Right Colon Resection for Colon Cancer: Does Surgical Approach Matter?

Document Type

Journal Article

Publication Date



Journal of Laparoendoscopic and Advanced Surgical Techniques








Colon cancer; minimally invasive surgery; morbidity; mortality; right colon resection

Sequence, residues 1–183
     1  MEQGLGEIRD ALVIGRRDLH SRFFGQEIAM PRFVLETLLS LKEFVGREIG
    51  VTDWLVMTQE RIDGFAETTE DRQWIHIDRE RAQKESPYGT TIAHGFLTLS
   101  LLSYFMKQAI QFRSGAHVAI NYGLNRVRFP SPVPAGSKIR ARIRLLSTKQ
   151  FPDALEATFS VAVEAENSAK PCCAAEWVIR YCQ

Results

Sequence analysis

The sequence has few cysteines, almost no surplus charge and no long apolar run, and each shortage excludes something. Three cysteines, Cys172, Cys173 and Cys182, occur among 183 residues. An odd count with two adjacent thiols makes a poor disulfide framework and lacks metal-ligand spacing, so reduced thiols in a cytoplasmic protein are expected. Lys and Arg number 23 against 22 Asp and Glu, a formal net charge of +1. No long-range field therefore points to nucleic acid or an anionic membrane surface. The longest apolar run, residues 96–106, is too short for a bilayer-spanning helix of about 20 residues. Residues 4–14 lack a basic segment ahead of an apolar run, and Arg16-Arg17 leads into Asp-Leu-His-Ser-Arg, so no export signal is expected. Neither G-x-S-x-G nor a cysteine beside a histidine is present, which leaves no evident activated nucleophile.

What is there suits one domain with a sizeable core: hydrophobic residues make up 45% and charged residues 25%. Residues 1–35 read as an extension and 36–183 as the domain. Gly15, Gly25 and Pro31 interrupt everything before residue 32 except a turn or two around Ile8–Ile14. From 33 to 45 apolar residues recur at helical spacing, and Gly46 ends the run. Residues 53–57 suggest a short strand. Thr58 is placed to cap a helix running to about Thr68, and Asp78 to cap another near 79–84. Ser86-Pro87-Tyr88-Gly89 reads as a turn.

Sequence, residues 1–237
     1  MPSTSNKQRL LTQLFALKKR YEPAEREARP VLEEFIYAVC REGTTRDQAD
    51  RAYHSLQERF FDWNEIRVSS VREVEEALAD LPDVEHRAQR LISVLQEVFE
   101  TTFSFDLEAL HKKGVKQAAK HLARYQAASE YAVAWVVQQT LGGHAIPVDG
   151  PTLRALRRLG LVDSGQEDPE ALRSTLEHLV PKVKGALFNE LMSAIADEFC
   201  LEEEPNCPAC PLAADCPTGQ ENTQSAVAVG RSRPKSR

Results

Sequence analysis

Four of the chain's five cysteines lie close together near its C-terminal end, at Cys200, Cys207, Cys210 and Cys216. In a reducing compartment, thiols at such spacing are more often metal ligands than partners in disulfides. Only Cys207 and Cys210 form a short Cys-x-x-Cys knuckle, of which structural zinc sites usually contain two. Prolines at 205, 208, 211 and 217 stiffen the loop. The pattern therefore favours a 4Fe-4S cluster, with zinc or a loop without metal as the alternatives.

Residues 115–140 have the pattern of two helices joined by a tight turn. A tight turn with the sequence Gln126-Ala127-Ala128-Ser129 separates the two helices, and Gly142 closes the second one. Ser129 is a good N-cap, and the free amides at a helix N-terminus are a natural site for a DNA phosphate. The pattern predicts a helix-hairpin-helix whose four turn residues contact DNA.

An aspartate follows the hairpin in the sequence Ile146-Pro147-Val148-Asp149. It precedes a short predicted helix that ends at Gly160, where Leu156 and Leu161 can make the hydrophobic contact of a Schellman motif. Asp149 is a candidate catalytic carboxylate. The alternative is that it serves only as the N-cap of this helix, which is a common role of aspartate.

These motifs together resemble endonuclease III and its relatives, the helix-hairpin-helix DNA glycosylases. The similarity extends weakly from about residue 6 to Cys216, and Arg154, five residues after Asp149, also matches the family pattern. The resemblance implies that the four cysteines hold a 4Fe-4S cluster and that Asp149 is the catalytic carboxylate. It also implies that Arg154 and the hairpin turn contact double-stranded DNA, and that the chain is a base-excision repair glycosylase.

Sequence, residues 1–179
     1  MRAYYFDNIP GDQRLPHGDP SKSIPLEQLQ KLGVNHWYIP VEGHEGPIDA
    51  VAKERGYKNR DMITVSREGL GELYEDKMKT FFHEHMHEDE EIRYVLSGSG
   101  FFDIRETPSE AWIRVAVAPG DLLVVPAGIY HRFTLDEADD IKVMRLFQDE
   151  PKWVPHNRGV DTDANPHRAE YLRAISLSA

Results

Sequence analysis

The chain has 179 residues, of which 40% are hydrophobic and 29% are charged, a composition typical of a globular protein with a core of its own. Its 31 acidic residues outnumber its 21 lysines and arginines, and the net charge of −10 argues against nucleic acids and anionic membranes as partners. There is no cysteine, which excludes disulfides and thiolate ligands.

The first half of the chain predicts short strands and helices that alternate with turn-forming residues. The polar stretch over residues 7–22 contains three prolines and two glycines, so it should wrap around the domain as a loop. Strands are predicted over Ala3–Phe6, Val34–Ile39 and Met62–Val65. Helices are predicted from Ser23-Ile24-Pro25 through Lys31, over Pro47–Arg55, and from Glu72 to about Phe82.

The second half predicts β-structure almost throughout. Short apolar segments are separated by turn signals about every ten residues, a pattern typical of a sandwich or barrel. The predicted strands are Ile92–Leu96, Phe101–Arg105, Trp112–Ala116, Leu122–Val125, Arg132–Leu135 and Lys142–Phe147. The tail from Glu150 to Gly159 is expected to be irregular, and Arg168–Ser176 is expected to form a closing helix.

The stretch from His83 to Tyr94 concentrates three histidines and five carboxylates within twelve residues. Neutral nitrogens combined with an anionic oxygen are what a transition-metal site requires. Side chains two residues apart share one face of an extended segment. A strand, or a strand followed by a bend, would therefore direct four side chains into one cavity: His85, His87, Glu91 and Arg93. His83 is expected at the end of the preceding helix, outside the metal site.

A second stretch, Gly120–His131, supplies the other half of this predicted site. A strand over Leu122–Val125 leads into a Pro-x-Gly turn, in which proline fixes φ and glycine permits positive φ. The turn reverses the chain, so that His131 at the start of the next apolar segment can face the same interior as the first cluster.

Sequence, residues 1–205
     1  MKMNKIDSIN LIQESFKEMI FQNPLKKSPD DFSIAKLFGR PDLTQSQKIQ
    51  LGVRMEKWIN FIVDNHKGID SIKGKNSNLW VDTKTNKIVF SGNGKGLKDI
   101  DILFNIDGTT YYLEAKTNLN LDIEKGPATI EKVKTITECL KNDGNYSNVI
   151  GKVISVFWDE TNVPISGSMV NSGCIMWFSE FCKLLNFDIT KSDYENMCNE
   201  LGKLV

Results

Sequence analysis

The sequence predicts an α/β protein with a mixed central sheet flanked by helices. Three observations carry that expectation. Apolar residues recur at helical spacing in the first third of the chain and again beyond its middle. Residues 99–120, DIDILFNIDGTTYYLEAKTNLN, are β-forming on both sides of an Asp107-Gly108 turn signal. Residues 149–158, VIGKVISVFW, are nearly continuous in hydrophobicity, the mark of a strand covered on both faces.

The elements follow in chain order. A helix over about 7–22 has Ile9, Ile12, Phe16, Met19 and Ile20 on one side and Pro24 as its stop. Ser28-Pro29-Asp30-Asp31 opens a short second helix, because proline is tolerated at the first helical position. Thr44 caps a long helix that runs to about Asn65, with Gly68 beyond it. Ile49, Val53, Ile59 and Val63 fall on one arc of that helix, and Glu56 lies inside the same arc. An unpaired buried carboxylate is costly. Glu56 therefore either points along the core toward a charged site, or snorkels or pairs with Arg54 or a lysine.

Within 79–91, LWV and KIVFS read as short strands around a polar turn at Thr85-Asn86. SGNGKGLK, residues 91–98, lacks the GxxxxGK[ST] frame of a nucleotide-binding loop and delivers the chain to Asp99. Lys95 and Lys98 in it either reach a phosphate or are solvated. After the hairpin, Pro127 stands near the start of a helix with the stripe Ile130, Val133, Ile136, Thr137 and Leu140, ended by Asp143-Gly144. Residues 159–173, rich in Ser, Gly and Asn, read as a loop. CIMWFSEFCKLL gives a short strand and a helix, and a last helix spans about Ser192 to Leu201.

© 2018, Mary Ann Liebert, Inc. Background: Surgical resection with curative intent remains the standard of care for colon cancer. This study aims to compare the 30-day outcomes and oncologic results following open, laparoscopic, and robot-assisted right colon resection for colon cancer using the Targeted Colectomy American College of Surgeons National Surgical Quality Improvement Program (ACS-NSQIP) database. Materials and Methods: All patients undergoing elective, right colon resection with primary anastomosis were identified within the targeted colectomy ACS-NSQIP database. Only patients with stage I, II, or III colon cancer were included. The association of surgical approach with oncologic results and 30-day morbidity and mortality outcomes was investigated using a variety of statistical tests. Results: A total of 3518 patients met inclusion criteria; 1024 (29.1%) underwent open surgery (OS), 2405 (63.4%) underwent laparoscopic surgery, and 89 (2.5%) underwent robotic surgery. Patients undergoing OS were significantly more likely to have positive resection margins (P <.001). Patients undergoing OS were significantly more likely to experience prolonged intubation (P =.02), deep wound infections (P =.001), wound dehiscence (P =.005), deep venous thrombosis (P =.04), bleeding requiring a blood transfusion (P <.001), a prolonged postoperative ileus (P <.001), and longer length of hospital stay (P <.001), and were more likely to die (P =.02). Conclusion: The laparoscopic approach to colon resection for colon cancer has lower 30-day morbidity compared to OS. The robotic approach is equivalent to the laparoscopic approach, and its utilization may increase in the future.

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